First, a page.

Switching from Jekyll back to WordPress

I set up this blog on WordPress in 2008. In 2015 I moved it to Jekyll and back filled those old posts in 2018. Now I’m back on WordPress with the entire archive. Why? I want to post more and WordPress is more conducive to that.

With Jekyll I had to create a new markdown file with all of the yaml front matter I wanted and my automated templates were never quite right, then I had to get the Jekyll site running to preview the post (running the inevitable Jekyll and gem upgrades and troubleshooting issues with some plugin that broke), then run the custom build process I made to commit the changes, push them to Github, build the site, then deploy the changes to S3 and Cloudfront with s3_website, which is no longer being maintained. It was “rickety as hell” as an old family saying goes.

With WordPress, Pressable keeps core up to date for me, so I just open the site, write the post, and click publish. No messing around with build tools, no finicky yaml templates, and no annoying Ruby and Java dependencies to fight with.

Also, with WordPress, basic things like Search and Category Archives are available by default instead of something you need to hack on. The Plugin ecosystem is much better, too.

The Jekyll site build and all the tools I built around it was a fun project, but I’m glad to be back on WordPress. I recently started working at Automattic, which of course played a role in my decision to switch back, but I had planned to make the switch long before I had applied.

The speed of the 100% static Jekyll site served via Cloudfront was slightly faster than this WordPress site, but the difference isn’t big enough to matter to me. The Pressable CDN and object caching is pretty dang fast, and as I said above, I care more about being able to update the site faster and easier than I could with Jekyll.

Getting started

I had big ambitions for this project: I wanted to build a new theme from scratch adhering to the WordPress-Extra ruleset for PHPCS and the starter theme my team uses. I kept putting it off, preferring to be offline when not working. I was itching to get my site migrated, so I decided to modify an existing theme with a child theme and focus my energy on the migration.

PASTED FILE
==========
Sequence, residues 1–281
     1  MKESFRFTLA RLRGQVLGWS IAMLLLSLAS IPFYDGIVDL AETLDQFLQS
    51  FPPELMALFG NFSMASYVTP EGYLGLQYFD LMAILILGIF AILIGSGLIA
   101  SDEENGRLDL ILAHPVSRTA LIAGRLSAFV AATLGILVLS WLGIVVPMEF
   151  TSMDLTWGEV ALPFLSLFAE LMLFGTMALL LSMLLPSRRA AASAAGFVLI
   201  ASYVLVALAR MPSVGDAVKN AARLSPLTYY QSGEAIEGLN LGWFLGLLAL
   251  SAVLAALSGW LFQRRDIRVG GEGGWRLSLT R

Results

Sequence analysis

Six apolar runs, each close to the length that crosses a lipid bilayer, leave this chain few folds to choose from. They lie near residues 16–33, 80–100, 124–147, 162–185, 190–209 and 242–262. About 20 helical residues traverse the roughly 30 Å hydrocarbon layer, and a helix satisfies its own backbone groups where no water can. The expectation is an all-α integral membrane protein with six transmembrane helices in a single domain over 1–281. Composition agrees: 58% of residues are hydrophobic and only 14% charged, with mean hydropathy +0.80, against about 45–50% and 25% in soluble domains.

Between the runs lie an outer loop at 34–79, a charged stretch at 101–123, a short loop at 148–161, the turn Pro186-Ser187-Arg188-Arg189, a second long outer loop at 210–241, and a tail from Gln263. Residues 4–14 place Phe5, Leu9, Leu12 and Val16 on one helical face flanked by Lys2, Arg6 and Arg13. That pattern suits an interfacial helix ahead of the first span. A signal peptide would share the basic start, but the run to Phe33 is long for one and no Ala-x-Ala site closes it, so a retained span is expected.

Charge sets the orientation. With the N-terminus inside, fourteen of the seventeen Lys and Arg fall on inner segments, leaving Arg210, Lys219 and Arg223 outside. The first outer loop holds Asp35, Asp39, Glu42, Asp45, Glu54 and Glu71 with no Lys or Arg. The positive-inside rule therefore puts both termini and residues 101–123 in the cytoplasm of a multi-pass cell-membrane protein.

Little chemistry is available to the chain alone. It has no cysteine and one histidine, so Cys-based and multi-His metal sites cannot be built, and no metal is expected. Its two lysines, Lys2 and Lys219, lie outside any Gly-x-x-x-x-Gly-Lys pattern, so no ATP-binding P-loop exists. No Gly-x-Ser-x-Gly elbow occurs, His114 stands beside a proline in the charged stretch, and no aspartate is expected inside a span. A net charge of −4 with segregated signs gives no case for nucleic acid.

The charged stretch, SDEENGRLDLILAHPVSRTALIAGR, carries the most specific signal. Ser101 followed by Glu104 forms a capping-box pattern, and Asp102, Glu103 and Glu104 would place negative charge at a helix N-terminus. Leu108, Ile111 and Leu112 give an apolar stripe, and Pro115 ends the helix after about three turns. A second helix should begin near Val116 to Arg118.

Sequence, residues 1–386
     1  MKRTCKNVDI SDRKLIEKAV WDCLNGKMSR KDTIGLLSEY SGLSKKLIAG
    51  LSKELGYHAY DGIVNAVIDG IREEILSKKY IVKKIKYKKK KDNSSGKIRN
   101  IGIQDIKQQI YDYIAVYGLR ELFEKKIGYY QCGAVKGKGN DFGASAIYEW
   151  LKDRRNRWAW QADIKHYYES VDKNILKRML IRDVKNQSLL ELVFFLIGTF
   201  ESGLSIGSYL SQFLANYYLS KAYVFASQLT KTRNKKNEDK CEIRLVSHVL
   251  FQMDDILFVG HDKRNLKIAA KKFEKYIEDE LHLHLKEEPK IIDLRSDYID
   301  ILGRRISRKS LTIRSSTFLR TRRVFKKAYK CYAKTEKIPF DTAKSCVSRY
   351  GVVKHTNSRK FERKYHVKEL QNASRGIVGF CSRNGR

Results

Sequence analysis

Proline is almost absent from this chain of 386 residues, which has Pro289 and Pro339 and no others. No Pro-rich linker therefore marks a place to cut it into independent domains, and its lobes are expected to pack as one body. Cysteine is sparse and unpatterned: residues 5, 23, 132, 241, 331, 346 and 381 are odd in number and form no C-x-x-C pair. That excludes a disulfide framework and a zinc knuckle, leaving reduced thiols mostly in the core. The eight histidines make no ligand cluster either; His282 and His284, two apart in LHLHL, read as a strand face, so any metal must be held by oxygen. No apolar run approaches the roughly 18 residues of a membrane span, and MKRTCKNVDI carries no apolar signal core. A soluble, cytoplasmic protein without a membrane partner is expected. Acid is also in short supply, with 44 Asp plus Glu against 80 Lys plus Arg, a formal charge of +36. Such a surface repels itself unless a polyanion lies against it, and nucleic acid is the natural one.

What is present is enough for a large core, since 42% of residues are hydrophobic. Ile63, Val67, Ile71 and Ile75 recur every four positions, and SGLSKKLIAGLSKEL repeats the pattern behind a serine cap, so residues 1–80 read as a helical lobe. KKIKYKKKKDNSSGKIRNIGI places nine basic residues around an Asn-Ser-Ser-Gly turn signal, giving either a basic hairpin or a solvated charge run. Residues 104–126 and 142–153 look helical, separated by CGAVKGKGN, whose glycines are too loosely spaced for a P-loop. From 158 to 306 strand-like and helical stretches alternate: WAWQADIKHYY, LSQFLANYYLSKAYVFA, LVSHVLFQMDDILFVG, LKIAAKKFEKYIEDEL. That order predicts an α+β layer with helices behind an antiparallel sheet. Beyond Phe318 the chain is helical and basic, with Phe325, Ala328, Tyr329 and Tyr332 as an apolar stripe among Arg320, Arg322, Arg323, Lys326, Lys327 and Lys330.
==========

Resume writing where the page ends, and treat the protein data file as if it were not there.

Migrations

I essentially combined three sites into one.

  • Old WordPress posts: I’m a digital hoarder, so I still have the database for my 2008 WordPress site. I loaded it up in a local instance, ran some upgrades so it would work with WordPress 5.5, and then used the typical WordPress WXR files to import them to the new site. I temporarily put my old /wp-content/uploads/ folder on the server hosting cagrimmett.com so that the import would also pull in the featured images.
  • Microblog posts: micro.cagrimmett.com was still live and I keep WordPress up to date there
  • Jekyll posts: I heavily customized my Jekyll RSS feed to include all kinds of extra metadata that it normally wouldn’t. I then used the excellent WP All Import Pro to parse the XML and map it to WordPress fields and download and import the media.
    • Attempting to do this and getting stuck? Shoot me an email and I’ll do what I can to help!

Reading list

I built out a cool reading list feature in Jekyll using yaml data files and a template that grouped the books I read by year and displayed the count. I was able to rebuild it pretty quickly with a custom post type, custom fields, and two queries: One to group the books by year and sort by date read, and the other to display the counts.

Check out the reading page, my favorite page on the site!

Redirects

I thought I’d have a big issue with redirects, but with some careful planning about 95% of old links just work.

By going back to the old databases from existing WordPress sites, I was able to use existing post IDs, which is great because my old links used the post ID permalink structure. Post ID permalinks redirect to the post by default, even if you have a different permalink structure.

For the Jekyll posts, I was able to match the permalink structure I had on the Jekyll site, category/year/month/day/slug, so those work, too. The only issue I ran into is that I had some uncategorized posts in Jekyll and Jekyll leaves uncategorized out of the permalink while WordPress doesn’t. So I installed the Redirection plugin to add some redirects for those and monitor 404s.

Ongoing issues

I do have a few issues left to clean up:

  1. Code blocks with the Rouge syntax highlighter I used in Jekyll are a bit garbled. They need some styling to make them pretty again.
  2. JavaScript embeds in posts don’t work. I had a bunch of d3.js tutorials with interactive examples that don’t work right now. As a stop-gap I’ve linked to the old Jekyll version that is still accessible on S3, but I need to go through and fix those.

I plan to eventually build out my own theme from scratch and I want to build some of my own custom blocks for a few ideas I have.

But first, back to regular blogging.

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